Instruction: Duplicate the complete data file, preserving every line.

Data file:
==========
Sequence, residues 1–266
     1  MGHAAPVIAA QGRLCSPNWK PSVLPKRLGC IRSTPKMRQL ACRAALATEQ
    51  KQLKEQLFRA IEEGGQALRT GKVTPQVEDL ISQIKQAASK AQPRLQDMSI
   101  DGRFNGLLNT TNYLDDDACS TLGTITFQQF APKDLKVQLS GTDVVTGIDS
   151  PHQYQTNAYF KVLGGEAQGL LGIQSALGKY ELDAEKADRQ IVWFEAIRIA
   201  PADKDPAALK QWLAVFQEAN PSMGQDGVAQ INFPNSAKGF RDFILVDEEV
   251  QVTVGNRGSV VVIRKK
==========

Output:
Sequence, residues 1–266
     1  MGHAAPVIAA QGRLCSPNWK PSVLPKRLGC IRSTPKMRQL ACRAALATEQ
    51  KQLKEQLFRA IEEGGQALRT GKVTPQVEDL ISQIKQAASK AQPRLQDMSI
   101  DGRFNGLLNT TNYLDDDACS TLGTITFQQF APKDLKVQLS GTDVVTGIDS
   151  PHQYQTNAYF KVLGGEAQGL LGIQSALGKY ELDAEKADRQ IVWFEAIRIA
   201  PADKDPAALK QWLAVFQEAN PSMGQDGVAQ INFPNSAKGF RDFILVDEEV
   251  QVTVGNRGSV VVIRKK